Nicolas Arkells is the CEO at Manticore Consulting Group, a global health economics and outcomes consulting firm. He has over 15 years of leadership experience ensuring organizational commitment to statistical analysis and implementation. His law and science juris doctorate concentrated on intellectual property, which encouraged his research in biotechnology, market access, policy, regulatory strategy, and patent law. His MBA focused on the application of analytics to provide solutions to real-world problems in the healthcare industry. He is certified in medical devices and pharmaceuticals by the Regulatory Affairs Professionals Society, Lean Six Sigma black belt trained in the healthcare industry, agile certified as a PSM and PSPO, and certified in global human capital through Columbia University. He has been recognized for excellence in legal research, leadership, and alternative dispute resolution.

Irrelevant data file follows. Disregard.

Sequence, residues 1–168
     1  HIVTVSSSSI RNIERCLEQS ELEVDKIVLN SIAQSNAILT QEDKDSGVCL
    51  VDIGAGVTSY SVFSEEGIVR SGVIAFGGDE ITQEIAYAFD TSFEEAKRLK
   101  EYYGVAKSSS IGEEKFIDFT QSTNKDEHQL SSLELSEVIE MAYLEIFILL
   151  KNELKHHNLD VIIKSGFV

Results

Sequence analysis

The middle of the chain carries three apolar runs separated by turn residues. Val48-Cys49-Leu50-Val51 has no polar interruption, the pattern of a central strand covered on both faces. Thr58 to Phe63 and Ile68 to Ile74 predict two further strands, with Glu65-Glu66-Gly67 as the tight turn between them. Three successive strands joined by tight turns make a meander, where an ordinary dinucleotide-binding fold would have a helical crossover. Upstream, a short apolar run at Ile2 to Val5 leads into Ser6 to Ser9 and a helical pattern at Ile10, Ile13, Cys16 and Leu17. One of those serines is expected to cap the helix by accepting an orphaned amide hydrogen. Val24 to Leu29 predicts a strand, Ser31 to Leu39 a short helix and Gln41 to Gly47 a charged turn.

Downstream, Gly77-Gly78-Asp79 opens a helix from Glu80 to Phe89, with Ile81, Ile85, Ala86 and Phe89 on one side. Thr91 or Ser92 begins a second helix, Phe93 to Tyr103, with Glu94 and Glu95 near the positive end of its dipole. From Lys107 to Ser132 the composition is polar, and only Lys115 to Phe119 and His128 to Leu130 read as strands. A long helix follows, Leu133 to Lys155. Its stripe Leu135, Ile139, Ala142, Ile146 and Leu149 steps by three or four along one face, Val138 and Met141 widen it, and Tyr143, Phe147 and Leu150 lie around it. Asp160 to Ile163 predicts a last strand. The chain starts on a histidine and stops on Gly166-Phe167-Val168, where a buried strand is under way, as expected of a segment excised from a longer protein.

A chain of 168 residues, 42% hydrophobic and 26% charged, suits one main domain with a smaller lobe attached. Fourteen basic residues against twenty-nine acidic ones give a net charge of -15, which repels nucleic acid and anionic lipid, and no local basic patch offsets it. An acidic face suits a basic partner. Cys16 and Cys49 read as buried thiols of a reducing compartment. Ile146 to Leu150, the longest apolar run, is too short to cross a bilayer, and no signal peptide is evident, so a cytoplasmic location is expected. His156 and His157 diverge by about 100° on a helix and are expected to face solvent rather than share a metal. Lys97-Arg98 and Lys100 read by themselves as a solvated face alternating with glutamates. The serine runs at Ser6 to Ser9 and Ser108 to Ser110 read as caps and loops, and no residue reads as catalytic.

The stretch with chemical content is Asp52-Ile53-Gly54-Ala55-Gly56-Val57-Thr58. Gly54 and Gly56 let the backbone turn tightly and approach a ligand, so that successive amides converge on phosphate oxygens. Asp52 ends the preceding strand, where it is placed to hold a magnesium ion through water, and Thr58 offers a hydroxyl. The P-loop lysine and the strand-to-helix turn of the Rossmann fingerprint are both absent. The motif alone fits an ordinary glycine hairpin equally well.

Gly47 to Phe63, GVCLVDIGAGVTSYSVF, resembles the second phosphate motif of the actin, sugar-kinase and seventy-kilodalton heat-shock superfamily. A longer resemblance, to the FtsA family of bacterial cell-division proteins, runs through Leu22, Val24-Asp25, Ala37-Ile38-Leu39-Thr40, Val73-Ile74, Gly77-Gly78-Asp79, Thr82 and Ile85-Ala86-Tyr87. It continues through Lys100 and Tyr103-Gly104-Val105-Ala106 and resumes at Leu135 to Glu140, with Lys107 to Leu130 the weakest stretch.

Sheila Frame is VP and head of Sandoz Biopharmaceuticals, North America, responsible for the development and commercialization of the biosimilar medicines portfolio in the U.S. and Canada. She has more than 20 years of pharmaceutical experience and serves as a member of the Sandoz U.S. Executive Committee. Frame held the role of worldwide general manager for the Immunoscience business at Bristol Myers Squibb (BMS), a role which encompasses responsibility for the commercialization of Orencia for the treatment of RA, with worldwide sales of over $2 billion, as well as the commercial development of BMS’s important pipeline assets in the therapeutic area. Prior to joining the pharmaceutical industry, she worked as a professional lobbyist for the Canadian National Railway. She began her professional career holding senior positions with the Government of Canada as a legislative assistant, where she took 17 bills through the House of Commons and Senate.